By PJ Nestler
If you read the first installment of this series, good for you. If not, you might want to take a few minutes to look it over Getting to the Heat (and the Cold) of the Matter – Contrast Therapy 101 Part 1, before perusing this second part. Now that we’ve established some of the benefits of contrast therapy – aka combining heat and cold exposure – let’s do a deeper dive into how and when to use it, depending on your purposes and goals. We’ll also share a few words of caution to make sure you don’t go too far (particularly if, like me, you’re competitive in every element of your training).
Here are a few different scenarios in which contrast therapy can be beneficial for both body and mind:
Warming up by Warming Up
Yeah I know I just used the word “warming” twice in one sentence. But it’s warranted when we’re talking about preparing your body for a hard training session. Doing a quick contrast therapy session beforehand can rev up your nervous and cardiovascular systems so they’re ready to tackle the daily workout. Or if you’re sore as heck, skip the ice and just do a little heat exposure to ease the tension from those aching muscles.
Keep in mind that with any exercise, method, or modality there is always a benefit and a cost. If your goal is to trigger muscle growth (aka hypertrophy), then the latest research suggests getting chilly immediately after training can blunt some of the acute inflammation prompted by your training that triggers muscle repair. As XPT Advisor Dr. Andy Galpin says, “You are either optimizing or adapting.” We recommend pushing your cold therapy to later in the day or onto a rest day if you are training for strength or hypertrophy gains.
Cycling between heat and cold at night can be a great way to reset your automomic nervous system and downshift from a sympathetic “red alert” state into a parasympathetic “chill out” one (cold related pun intended). That said, your body can view going to absolute extremes with either component of contrast therapy as a threat, keeping you stuck in a high sympathetic state. So dial down the temperature a bit on your sauna and go a little warmer on your CWI than you normally would. Or just go for the milder combo of a warm bath and cool shower instead. Your sleep duration and quality will likely improve.
Sometimes we don’t want to treat contrast therapy as a mere recovery aid, but as its own stressor. In this case, you can dial up the temperature on your heat and drop it down for the cold. Or do several “rounds” as if you were doing interval trainer on a rowing machine, Ski Erg, treadmill, or bike. Alternatively, try increasing the time you spend exposed to heat and cold, without going too far. By using contrast therapy as your training, you can improve resilience and also cardiovascular health. If you start to feel woozy or light-headed in the sauna or start shivering uncontrollably in the ice, then it’s time to stop and get out.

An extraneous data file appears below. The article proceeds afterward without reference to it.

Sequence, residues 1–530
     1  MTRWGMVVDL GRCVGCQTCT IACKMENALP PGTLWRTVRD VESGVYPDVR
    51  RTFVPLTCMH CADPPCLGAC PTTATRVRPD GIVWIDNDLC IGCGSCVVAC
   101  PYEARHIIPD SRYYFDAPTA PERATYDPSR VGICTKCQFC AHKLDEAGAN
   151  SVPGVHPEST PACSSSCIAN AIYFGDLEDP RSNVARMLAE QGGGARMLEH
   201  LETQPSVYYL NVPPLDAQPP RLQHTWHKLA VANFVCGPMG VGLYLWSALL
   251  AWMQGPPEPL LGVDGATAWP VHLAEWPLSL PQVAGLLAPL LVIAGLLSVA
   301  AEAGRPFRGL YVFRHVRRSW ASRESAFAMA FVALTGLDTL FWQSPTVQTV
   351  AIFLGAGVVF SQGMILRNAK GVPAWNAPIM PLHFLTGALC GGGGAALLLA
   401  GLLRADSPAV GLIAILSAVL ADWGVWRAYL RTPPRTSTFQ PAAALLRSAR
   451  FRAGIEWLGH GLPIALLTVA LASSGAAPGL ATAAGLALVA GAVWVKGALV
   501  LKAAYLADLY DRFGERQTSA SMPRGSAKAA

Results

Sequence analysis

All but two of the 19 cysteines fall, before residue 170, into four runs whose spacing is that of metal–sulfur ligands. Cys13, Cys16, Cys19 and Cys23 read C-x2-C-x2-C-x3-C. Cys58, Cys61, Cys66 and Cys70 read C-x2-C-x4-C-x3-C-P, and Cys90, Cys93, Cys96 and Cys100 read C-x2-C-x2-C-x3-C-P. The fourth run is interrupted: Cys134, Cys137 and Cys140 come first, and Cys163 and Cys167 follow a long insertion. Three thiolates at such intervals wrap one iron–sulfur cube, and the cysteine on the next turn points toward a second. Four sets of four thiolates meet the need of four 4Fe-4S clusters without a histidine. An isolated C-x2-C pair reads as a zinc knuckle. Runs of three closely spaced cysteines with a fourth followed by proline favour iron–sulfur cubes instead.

When your training schedule tells you it’s time for a day off from intense training, don’t use this as an excuse to just sit on the couch. Instead, go do your sport of choice, play some active outdoor games with your kids and significant other, or tackle some of that overdue yard work. Then follow it up with a nice long soak in a hot tub, followed by a quick cool off. This way you’ll boost your circulation and get in some low intensity movement, without over-stressing your system. Plus you’ll likely be less sore during the next day’s training than if you’d just done nothing.
Immune System Booster
Our bodies have cold shock proteins (CSPs) and heat shock proteins (HSPs) that go dormant like your laptop when you put it into sleep mode if you never expose yourself to temperature extremes. Boot yourself back up with a quick sauna session, followed by a cold plunge or ice bath. A single Finnish sauna session has been shown to increase the number of white blood cells, which are responsible for taking out infections. Meanwhile, researchers in both Finland and Germany have demonstrated that regular sauna use reduces the incidence of both cold and flu by up to 30 percent.
Tame Anxiety and Depression & Improve Hormonal Balance
In a memorable episode of Seinfeld, Kramer puts a hot tub in the middle of his living room and encourages Jerry to “take a soak.” Of course, things go wrong when his latest contraption blows a circuit, sending the temperature plummeting and half-killing the zany hipster dufus. But comedy aside, it seems like he was onto something when it came to contrast therapy and relaxation. Cold water immersion at around 14 degrees Celsius has been shown to mimic or even exceed the positive effects of prescription SSRI drugs, improving feel-good hormone dopamine by 250 percent and norepinephrine by a whopping 530 percent. A paper published in the journal Primates shows that humans aren’t the only ones to take to warm water to quell stress – Japanese snow monkeys ease their primate cares away with a daily soak, too. Good enough for our closest animal “relatives,” good enough for us!